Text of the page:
Summary: Neuroscience and artificial intelligence work better together. Brain inspired is a celebration and exploration of the ideas driving our progress to understand intelligence. I interview experts about their work at the interface of neuroscience, artificial intelligence, cognitive science, philosophy, psychology, and more: the symbiosis of these overlapping fields, how they inform each other, where they differ, what the past brought us, and what the future brings. Topics include computational neuroscience, supervised machine learning, unsupervised learning, reinforcement learning, deep learning, convolutional and recurrent neural networks, decision-making science, AI agents, backpropagation, credit assignment, neuroengineering, neuromorphics, emergence, philosophy of mind, consciousness, general AI, spiking neural networks, data science, and a lot more. The podcast is not produced for a general audience. Instead, it aims to educate, challenge, inspire, and hopefully entertain those interested in learning more about neuroscience and AI.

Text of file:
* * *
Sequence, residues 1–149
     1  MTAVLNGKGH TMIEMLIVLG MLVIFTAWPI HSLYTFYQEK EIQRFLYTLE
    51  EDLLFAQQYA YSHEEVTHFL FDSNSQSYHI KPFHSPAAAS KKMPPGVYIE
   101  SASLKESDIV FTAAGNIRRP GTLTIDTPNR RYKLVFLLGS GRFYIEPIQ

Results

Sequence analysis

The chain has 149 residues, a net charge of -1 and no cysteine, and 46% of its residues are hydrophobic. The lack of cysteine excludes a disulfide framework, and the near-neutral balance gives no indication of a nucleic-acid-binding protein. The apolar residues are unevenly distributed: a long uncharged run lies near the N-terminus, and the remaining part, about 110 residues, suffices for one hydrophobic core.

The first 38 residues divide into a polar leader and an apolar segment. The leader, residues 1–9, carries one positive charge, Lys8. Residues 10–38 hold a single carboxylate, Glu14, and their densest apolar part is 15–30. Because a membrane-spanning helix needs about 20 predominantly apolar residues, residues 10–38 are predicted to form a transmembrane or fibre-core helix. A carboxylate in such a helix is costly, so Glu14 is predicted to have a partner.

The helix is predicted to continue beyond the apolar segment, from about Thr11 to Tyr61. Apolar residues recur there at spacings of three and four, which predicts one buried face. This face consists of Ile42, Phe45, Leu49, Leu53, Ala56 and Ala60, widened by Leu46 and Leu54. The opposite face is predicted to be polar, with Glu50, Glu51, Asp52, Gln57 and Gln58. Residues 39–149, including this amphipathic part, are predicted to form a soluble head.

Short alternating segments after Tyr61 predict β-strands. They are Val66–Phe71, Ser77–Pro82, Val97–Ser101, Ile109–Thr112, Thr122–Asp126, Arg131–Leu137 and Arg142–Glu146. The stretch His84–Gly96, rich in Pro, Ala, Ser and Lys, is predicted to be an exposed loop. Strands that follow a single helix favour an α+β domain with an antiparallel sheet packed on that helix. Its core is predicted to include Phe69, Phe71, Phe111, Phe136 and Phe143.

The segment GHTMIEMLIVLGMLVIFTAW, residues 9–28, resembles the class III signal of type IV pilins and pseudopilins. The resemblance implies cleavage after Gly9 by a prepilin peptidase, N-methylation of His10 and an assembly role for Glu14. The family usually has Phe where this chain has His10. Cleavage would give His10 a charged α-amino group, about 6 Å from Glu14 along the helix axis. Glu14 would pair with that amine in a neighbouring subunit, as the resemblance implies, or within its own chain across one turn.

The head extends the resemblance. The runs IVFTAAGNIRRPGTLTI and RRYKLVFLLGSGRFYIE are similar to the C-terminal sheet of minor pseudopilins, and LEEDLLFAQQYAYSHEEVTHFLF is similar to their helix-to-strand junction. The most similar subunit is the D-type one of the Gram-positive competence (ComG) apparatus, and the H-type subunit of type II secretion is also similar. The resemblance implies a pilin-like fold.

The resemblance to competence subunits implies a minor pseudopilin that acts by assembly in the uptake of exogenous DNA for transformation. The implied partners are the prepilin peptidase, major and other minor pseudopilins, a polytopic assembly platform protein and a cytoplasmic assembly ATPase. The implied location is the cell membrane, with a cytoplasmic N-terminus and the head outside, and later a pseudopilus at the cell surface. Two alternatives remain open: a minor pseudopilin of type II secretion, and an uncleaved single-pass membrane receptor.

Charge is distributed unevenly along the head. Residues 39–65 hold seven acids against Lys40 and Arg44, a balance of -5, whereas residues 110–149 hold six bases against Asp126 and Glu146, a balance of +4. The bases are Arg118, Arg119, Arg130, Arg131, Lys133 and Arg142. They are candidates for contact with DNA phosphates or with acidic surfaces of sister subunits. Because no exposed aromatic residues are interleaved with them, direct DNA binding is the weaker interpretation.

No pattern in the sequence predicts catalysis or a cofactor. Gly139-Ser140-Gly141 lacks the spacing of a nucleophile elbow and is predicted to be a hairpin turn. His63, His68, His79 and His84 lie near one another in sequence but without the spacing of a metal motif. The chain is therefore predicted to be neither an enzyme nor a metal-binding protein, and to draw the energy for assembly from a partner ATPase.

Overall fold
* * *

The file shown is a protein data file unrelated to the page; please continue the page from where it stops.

Support the show to get full episodes and join the Discord community. James, Andrew, and Weinan discuss their recent theory about how the brain might use complementary learning systems to optimize our memories. The idea is that our hippocampus creates our episodic memories for individual events, full of particular details. And through a complementary process, slowly consolidates those memories within our neocortex through mechanisms like hippocampal replay. The new idea in their work suggests a way for the consolidated cortical memory to become optimized for generalization, something humans are known to be capable of but deep learning has yet to build. We discuss what their theory predicts about how the "correct" process depends on how much noise and variability there is in the learning environment, how their model solves this, and how it relates to our brain and behavior. James' Janelia page.Weinan's Janelia page.Andrew's website.Twitter: Andrew: @SaxeLabWeinan: @sunw37Paper we discuss:Organizing memories for generalization in complementary learning systems.Andrew's previous episode: BI 052 Andrew Saxe: Deep Learning Theory 0:00 - Intro 3:57 - Guest Intros 15:04 - Organizing memories for generalization 26:48 - Teacher, student, and notebook models 30:51 - Shallow linear networks 33:17 - How to optimize generalization 47:05 - Replay as a generalization regulator 54:57 - Whole greater than sum of its parts 1:05:37 - Unpredictability 1:10:41 - Heuristics 1:13:52 - Theoretical neuroscience for AI 1:29:42 - Current personal thinking